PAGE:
How do we learn that latter important skill? The partner helped me understand that as well.
When I asked him what it was that allowed him to almost intuit the right answer to the problem, he replied, “It takes good judgment.”
“And how do you acquire good judgment?” I asked.
“Good judgment,” he said, “comes from experience.”
Then, after pausing for just a few seconds and with only a hint of a smile, he added, “And experience comes from bad judgment.” In other words, from failing.
As one motivational speaker observed:
We always think of failure as the antithesis of success, but it isn’t. Success often lies just the other side of failure.11
The lesson is so prevalent in life that three years ago the Harvard Business Review devoted an entire issue of that publication to the topic of how to learn from failures. 12
We can see the same lesson in the familiar experience of Nephi when he was given the assignment to obtain the brass plates from Laban. As we know, his first two efforts failed, but he persisted and ultimately succeeded. In the process he discovered the power of being “led by the Spirit,” 13 a critical lesson that he may not have learned if the first effort to persuade Laban to release the plates had been successful. Nephi’s life was forever changed in a positive way because he failed twice—and, more important, because of the way he responded to those failures.
Thus failing is a critical component of our eternal progress—our quest for perfection. And because of the Atonement we can—if we respond to failures in the right way—be blessed with a new kind of learning that allows our failures to become part of the perfecting process. As Elder Bruce C. Hafen has explained, the beauty of the gospel is that “because of the Atonement, we can learn from our mistakes without being condemned by them.”14 What a wonderful blessing that absolutely marvelous and indispensable portion of the plan of salvation provides to each of us, if we will but take advantage of it.
This does not mean that we should try to fail as often as we can. “Not all failures are created equal.”15 In one of the articles in the Harvard Business Review Failure Issue, Professor Amy C. Edmondson noted that in business there are three main kinds of failures, some of which are better than others.
First, there are failures that result from the lack of precision in routine but important matters—for example, a failure to follow design specifications in the manufacturing process. According to Professor Edmondson, these are “bad” failures that are preventable and should be eliminated as quickly as possible.
Second, there are failures that are the inevitable results of complexity in processes—mistakes made in uncontrollable situations, such as in triage in a hospital emergency room. These failures are unavoidable and cannot be controlled, but they can be managed.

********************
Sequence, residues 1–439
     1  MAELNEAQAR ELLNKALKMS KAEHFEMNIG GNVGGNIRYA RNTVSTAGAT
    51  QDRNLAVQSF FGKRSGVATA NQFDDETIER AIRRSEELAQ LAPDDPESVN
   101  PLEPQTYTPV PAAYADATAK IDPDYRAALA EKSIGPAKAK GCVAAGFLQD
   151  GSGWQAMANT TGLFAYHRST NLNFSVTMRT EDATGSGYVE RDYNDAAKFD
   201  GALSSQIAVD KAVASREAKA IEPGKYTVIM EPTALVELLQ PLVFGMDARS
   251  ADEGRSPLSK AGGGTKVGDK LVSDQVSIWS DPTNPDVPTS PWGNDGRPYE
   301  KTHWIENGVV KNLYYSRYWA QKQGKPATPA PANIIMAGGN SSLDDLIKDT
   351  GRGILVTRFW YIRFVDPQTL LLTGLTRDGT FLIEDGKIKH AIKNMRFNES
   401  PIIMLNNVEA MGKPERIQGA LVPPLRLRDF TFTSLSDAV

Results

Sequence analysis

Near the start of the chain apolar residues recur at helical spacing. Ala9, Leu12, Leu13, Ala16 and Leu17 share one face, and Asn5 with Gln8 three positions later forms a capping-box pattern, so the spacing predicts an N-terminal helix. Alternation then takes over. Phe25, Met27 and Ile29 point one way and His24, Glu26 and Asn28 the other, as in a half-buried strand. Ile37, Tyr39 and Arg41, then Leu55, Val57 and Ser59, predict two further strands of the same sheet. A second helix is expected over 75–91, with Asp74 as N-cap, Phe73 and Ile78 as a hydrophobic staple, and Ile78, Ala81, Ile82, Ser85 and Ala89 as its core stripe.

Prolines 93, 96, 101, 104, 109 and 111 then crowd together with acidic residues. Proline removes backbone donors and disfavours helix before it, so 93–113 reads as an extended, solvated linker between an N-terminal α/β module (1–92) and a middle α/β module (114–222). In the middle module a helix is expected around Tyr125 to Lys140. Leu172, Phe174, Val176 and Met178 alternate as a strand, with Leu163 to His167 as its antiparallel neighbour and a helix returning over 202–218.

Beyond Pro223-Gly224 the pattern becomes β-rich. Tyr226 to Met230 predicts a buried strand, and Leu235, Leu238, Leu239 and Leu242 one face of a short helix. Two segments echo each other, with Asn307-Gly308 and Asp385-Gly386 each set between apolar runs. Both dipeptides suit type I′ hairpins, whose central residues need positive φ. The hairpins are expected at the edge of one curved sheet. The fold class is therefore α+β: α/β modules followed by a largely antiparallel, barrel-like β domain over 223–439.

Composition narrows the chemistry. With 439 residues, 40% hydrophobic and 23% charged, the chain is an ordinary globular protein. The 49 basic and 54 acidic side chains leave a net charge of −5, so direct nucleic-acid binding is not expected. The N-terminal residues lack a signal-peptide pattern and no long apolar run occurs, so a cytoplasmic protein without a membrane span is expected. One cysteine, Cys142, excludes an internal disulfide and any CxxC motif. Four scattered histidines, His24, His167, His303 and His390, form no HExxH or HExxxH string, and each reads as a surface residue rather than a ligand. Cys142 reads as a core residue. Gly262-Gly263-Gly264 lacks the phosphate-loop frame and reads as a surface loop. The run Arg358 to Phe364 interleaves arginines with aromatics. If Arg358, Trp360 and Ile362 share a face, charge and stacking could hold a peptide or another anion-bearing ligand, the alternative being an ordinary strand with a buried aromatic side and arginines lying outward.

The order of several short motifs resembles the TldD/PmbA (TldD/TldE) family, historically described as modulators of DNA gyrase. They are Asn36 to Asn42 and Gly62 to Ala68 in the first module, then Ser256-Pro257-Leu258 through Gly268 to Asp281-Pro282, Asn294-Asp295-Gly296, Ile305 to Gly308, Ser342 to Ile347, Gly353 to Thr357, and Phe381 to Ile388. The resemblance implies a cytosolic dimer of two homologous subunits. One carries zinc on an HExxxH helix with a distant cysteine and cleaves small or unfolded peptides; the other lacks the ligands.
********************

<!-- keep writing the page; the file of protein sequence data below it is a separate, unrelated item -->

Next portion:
Finally, there are failures that occur when researchers try to push the frontiers of knowledge with regard to a product or service—failures made by a research lab in developing a new product, for example. These failures can be “good” failures if structured in the right way because they can accelerate the learning process.16
If we are to fail successfully—if failure is to move us along in our quest for perfection—we need to make similar distinctions in our daily efforts and daily failures.
In our own personal lives, willful failure in important, routine things we can control constitutes sin, which we should avoid as much as possible. In things that are routine but essential to our eternal progress—things like daily prayer, daily scripture study, and regular church attendance—we should strive to eliminate all failings. In these matters we can come very close to perfection very quickly, and it is important that we do so, because success in these endeavors provides the secure foundation that allows us to deal effectively with the other two kinds of failure.
When determining what things fall into this first category of failure, we might profitably ask ourselves two questions: One, are these things entirely within our control? And, two, are they things that in the long run really matter? There is a correlation between affirmative answers to those two questions. As Elder Hafen once observed:
One way to distinguish what matters a great deal from what does not matter so much is to ask whether the subject is within our control. If it is, then it probably matters enough to merit our attention. But if the subject of our fretting is inherently beyond our control, it is not likely that God will hold us responsible for our ultimate success or failure as to that concern.17